Not everyone loves no-kill bass regs on troubled Susquehanna River

Maybe it's just me. For the last several years I have been thinking a lot about the implications of anglers hooking and temporarily removing spawning bass from beds and making their eggs and fry vulnerable to predators such as bluegills.

My son is currently conducting research with largemouth bass at the University of Illinois on the question, involving bass and bluegills in ponds with simulated tournament fishing, and we have often discussed the issue of whether catching spawning bass has serious implications for recruitment in bass populations.

In northern states, my understanding is that the jury is still out, for largemouths at least. In Pennsylvania, of course, the question remains controversial. Tournaments are prohibited during the bass spawn and anglers are still discouraged from targeting beds. However they are no longer prohibited from casting to spawning beds the way they once were, so long as they immediately release spawning bass unharmed.

But anyway, my state of mind made me very receptive to statements made at the recent Pennsylvania Fish & Boat Commission meeting in Harrisburg. About three dozen bass fishermen attended the session to either protest against or endorse the commission's recent implementation of no-kill, no harvest bass-fishing regulations on the Susquehanna River. The restrictive rules came in response to a smallmouth bass population in steep decline.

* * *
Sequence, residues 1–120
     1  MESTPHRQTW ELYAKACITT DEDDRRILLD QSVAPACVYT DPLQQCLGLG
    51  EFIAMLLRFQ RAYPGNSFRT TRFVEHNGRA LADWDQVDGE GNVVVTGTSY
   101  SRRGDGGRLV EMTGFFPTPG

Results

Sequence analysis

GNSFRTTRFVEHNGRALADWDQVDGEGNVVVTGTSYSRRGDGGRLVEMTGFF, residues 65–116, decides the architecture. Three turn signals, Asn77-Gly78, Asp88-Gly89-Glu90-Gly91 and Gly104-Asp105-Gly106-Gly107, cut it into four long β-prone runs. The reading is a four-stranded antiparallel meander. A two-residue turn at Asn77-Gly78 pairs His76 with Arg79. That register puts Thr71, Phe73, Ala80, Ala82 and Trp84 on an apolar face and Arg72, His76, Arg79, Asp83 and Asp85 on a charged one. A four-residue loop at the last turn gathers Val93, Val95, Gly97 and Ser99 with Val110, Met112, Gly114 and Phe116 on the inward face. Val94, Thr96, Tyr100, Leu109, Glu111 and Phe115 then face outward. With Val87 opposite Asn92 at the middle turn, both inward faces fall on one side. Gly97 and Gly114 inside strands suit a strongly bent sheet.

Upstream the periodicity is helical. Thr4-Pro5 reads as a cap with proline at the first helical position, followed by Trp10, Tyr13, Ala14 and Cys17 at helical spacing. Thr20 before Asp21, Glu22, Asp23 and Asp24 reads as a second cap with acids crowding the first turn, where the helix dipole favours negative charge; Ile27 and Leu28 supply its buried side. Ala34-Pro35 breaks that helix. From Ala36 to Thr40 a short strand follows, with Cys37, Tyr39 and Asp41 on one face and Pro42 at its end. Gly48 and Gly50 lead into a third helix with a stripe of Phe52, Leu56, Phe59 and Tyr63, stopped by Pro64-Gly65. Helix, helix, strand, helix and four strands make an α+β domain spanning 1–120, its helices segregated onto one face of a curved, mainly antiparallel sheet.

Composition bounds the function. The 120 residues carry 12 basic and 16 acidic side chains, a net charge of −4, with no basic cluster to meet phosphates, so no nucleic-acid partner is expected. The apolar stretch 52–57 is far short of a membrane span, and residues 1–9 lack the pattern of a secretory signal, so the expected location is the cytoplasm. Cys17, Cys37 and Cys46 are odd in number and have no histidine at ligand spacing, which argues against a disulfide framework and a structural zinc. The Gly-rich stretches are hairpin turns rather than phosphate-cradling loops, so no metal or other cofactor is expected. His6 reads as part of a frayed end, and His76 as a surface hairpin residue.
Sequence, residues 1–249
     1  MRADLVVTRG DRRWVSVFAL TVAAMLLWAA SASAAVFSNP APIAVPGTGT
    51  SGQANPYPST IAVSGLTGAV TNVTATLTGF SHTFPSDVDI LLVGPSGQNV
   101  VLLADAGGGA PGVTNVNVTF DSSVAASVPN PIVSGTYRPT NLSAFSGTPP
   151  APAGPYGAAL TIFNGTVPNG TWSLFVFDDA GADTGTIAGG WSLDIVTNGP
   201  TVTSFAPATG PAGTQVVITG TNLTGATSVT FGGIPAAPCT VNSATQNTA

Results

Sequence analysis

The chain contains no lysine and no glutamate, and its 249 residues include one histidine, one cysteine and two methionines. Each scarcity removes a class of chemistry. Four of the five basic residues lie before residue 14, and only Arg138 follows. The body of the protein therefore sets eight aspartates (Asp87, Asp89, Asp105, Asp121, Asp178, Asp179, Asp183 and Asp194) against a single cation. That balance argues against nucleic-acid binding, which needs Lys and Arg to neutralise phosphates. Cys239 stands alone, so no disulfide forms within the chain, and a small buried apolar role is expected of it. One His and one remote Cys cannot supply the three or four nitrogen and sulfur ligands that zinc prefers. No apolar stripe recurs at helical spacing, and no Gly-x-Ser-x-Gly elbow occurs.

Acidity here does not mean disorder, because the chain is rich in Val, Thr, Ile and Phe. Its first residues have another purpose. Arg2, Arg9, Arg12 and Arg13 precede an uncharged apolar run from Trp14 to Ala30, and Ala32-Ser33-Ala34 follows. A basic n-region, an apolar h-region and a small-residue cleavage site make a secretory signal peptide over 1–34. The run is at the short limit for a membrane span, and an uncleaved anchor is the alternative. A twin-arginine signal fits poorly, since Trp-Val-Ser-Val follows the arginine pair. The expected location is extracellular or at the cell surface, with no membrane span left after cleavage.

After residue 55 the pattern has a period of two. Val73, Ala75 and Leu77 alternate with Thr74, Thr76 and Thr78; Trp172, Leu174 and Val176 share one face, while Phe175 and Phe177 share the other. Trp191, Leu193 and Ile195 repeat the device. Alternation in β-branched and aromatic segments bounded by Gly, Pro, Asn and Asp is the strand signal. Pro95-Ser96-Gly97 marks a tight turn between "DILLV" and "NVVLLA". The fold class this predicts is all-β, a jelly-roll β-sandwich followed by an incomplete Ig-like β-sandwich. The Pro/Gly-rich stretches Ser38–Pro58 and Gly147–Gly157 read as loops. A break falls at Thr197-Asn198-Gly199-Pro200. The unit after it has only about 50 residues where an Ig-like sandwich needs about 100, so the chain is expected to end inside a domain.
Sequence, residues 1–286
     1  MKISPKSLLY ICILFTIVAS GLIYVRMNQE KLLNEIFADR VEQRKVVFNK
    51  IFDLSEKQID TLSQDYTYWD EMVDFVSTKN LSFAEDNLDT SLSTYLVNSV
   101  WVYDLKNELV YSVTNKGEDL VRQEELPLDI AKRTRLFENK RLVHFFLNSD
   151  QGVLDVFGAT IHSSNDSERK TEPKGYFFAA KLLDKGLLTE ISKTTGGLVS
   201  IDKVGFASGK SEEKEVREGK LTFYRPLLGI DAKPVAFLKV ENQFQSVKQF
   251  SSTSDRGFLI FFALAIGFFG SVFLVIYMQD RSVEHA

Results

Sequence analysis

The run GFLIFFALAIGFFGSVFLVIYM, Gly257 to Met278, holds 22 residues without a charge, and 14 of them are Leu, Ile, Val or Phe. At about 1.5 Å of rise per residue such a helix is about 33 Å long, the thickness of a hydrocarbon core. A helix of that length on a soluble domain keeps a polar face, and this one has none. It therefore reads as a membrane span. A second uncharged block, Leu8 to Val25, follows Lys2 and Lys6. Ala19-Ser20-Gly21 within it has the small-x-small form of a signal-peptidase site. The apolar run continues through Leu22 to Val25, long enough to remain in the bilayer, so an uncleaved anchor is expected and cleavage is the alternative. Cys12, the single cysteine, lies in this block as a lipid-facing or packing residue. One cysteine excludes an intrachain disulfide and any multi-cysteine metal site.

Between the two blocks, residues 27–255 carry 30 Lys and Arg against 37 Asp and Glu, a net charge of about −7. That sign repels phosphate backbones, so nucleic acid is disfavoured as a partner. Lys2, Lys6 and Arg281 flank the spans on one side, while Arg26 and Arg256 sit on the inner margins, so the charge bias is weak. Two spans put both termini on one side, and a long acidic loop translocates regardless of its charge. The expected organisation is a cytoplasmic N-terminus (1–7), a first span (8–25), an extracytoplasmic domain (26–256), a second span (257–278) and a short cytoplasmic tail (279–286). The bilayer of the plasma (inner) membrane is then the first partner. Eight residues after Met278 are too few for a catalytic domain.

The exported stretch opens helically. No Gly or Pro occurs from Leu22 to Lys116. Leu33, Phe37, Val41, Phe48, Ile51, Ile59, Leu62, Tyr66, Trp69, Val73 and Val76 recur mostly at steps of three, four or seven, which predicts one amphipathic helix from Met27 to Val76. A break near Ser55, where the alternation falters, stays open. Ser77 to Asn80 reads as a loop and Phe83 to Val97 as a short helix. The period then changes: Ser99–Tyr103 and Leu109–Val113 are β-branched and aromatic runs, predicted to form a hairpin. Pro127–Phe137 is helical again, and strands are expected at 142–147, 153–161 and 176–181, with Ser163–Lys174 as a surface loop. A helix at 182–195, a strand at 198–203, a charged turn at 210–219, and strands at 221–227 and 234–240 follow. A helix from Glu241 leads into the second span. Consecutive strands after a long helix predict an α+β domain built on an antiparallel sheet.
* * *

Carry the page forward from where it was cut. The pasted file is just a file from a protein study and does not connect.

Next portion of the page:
The anglers seemed to be either tournament fishermen or guides and outfitters. The tournament anglers are peeved because no-kill regs essentially mean no tournaments held on the river. That's ironic because the tournament anglers are fanatical about releasing bass unharmed and protecting bass. But no harvest means no bass kept in boat livewells and brought in for weigh-ins before their careful release.

The tournament anglers said that's just not fair, especially considering the fact that guides are allowed to take clients fishing during the spring spawn and catch and release bass off spawning beds.

"Out on the river in the spring there's a guide's boat on every spawning bed," one tournament angler told Fish & Boat commissioners. "Them dragging bass off the beds is killing more fish and doing way more damage to the fishery than us holding tournaments. We don't kill fish!"

I think he's right — I think all of the tournament anglers are right, and I don't believe they are being selfish. They care about the resource as much or more than anybody. It would be nice to see the commissioners make an exception to allow them to continue holding tournaments on the Susquehanna. It helps the economy of the region. But I don't think the commissioners will. And I understand their reluctance to favor any group.

 

Categories: Blog Content, Pennsylvania – Jeff Mulhollem

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